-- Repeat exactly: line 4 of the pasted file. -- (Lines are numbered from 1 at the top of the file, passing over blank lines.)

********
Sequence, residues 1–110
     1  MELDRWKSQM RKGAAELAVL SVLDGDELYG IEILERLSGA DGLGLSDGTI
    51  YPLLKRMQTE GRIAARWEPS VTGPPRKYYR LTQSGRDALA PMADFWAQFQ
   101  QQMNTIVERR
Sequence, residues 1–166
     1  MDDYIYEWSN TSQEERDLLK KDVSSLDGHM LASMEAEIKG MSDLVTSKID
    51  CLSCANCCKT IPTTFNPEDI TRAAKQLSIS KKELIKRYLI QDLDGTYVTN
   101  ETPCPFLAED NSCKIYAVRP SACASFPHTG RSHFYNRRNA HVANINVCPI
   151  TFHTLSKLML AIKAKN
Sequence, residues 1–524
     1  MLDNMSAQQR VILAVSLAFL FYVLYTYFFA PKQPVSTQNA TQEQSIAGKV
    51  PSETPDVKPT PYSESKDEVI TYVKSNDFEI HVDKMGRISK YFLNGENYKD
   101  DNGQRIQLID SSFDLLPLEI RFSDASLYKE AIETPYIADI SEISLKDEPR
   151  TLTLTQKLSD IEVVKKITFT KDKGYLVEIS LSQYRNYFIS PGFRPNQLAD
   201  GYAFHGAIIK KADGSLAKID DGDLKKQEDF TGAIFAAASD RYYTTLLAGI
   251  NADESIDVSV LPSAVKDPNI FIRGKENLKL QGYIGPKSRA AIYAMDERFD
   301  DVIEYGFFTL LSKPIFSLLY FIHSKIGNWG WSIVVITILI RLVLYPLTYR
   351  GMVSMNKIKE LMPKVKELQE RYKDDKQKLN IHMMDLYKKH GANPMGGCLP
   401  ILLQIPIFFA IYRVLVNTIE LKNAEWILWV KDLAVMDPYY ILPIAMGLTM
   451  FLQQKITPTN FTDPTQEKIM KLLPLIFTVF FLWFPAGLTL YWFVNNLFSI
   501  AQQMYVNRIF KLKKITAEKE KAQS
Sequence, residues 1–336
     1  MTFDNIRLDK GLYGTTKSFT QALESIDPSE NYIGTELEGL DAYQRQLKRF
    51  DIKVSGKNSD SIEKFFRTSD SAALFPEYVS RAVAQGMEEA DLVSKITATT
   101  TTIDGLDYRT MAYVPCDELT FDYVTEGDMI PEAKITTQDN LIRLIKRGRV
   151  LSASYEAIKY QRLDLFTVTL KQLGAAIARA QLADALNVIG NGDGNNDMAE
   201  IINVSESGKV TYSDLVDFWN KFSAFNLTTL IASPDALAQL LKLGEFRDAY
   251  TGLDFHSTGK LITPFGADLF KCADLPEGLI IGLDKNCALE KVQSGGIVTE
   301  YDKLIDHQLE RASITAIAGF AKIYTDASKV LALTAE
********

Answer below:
   101  QQMNTIVERR